The United States is proud of its storied history of aircraft carriers. Ever since WWII, these carriers have played a critical role in offensive and defensive operations by the US Navy. I wrote a few months back in an article about the fact that no country in the world can even come close to our carrier dominance and, with us being able to project that type of force, it definitely makes any potential adversary think twice about their prospects for success. We are so confident in the firepower that our aircraft carriers can project that we design entire task forces around them to protect them and help them do their jobs. The question is: are we putting too many eggs in one basket when it comes to our confidence in aircraft carrier survivability in the event of war?
The Navy just recently boasted about all the carrier groups that were deployed around the world at the same time; the most in history in fact, with the number being six. There are 4 carriers currently operating in the pacific, including the tension-filled South China Sea area and two more currently supporting overlapping operations in the Middle East. It certainly is an achievement to be proud of militarily, but the USA needs to be cautious with its approach too as large vessels like aircraft carriers become more vulnerable every day to new weapon technologies and innovative tactics that can sink even the largest ships.
There is no better example of this than the bombing of the USS Cole in October of 2000. Just a very small boat loaded with explosives was able to pull up alongside the ship undetected and detonate such a powerful blast that it almost sunk the 7000 ton war machine. It demanded the full efforts of the crew, shore personnel and other US Navy ships that responded to keep it from ending up at the bottom of the harbor in Aden, Yemen. It also took over 3 years to repair the damage and get the ship back into service. If this can happen to an Arleigh Burke-class destroyer, it theoretically can happen to a multi-billion dollar aircraft carrier too.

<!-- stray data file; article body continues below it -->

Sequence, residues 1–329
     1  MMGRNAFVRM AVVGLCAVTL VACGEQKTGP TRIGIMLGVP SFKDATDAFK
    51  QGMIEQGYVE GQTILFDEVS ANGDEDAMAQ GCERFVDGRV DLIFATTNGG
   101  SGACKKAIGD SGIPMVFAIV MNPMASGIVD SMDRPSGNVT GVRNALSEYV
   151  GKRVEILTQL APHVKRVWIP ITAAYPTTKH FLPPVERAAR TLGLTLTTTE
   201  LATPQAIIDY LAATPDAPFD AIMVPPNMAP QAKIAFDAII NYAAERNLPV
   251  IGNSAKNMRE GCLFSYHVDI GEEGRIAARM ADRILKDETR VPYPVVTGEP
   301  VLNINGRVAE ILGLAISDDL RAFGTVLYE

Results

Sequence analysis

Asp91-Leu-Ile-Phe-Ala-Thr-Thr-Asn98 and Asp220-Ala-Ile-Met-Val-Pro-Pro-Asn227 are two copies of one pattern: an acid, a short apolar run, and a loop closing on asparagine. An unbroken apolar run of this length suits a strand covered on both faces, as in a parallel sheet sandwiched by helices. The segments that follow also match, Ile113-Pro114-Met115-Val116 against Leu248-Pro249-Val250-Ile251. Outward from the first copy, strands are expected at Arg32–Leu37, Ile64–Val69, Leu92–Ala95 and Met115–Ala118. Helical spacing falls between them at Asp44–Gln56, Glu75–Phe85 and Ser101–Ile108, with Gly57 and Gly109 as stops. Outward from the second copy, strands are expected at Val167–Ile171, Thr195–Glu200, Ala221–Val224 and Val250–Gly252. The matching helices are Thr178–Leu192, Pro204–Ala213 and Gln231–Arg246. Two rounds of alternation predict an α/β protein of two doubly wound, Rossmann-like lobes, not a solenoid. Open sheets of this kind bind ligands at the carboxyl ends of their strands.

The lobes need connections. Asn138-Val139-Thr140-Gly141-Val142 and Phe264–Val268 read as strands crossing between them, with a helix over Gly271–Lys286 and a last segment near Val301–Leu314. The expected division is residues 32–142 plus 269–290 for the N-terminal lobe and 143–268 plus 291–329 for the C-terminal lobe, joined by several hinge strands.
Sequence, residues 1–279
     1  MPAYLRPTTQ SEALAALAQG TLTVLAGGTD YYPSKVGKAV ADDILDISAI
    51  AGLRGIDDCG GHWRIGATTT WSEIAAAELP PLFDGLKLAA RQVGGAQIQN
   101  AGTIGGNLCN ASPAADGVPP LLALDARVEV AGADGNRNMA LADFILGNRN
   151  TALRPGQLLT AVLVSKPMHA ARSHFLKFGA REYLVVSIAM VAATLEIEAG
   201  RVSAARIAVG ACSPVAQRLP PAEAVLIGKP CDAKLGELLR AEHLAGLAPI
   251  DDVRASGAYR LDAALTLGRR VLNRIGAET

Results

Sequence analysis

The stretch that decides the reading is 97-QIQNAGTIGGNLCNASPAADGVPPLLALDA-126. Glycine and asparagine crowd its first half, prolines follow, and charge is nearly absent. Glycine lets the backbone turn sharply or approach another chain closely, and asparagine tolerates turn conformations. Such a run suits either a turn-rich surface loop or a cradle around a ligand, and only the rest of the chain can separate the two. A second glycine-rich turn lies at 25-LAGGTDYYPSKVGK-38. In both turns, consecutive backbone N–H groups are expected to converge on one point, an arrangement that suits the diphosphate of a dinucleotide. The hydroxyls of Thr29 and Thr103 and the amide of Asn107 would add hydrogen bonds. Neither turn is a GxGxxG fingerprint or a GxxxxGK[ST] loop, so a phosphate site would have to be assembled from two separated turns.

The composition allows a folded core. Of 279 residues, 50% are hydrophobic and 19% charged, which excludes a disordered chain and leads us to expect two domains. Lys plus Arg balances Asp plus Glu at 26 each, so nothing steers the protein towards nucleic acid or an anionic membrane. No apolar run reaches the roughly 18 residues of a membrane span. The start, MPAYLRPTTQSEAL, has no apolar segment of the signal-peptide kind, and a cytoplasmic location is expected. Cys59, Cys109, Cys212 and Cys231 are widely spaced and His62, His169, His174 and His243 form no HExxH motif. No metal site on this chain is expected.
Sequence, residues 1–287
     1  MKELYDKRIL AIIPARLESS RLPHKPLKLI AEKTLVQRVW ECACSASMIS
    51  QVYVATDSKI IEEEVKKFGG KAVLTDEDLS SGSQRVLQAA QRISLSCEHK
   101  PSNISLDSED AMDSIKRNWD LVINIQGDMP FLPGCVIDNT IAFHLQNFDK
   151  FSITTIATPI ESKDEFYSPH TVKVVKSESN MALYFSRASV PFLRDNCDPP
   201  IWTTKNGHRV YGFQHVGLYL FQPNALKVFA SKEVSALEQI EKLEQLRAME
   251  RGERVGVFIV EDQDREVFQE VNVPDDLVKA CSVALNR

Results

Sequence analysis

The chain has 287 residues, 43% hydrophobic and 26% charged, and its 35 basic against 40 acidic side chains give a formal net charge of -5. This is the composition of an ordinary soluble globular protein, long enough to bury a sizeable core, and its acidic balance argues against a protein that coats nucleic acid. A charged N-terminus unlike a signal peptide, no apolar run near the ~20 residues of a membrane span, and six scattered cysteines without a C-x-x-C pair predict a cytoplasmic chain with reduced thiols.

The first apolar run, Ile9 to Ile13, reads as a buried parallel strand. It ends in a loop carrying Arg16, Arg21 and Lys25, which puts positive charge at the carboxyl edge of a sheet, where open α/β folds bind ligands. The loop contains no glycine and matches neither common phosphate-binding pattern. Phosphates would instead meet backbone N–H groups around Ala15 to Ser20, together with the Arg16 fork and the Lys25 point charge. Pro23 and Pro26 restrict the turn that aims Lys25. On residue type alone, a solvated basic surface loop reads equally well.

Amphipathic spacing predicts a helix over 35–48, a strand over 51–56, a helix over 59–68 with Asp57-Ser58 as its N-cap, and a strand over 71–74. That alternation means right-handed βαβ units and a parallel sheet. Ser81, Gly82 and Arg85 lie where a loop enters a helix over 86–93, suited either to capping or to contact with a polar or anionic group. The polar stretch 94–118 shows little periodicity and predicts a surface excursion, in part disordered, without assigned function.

One of the reasons that potential adversaries like China and Russia may not be building many new carriers is that they may feel they are too vulnerable these days. For many years, Chinese submarines were the brunt of a lot of jokes because of how loud they were and easy to detect. That is no longer the case with the newer diesel electric motors they are being refitted with. Recent US Navy tests of a carrier task force’s ability to defend against a Swedish diesel electric submarine did not go well for the defenders on more than one occasion. Let’s also not forget that military strategists are becoming increasingly concerned with powerful, long range ballistic anti-ship missiles such as the Chinese Dong Feng-21 (CSS-5) too, which is thought to have a tactical range of up to 1000 nautical miles.
The Navy got away from using battleships for a reason because smaller, less expensive ships could now perform the same roles; maybe it’s time to rethink putting so much emphasis on the importance of aircraft carriers in US Naval strategy too.
Disclaimer: The content in this article is the opinion of the writer and does not necessarily reflect the policies or opinions of US Patriot Tactical.
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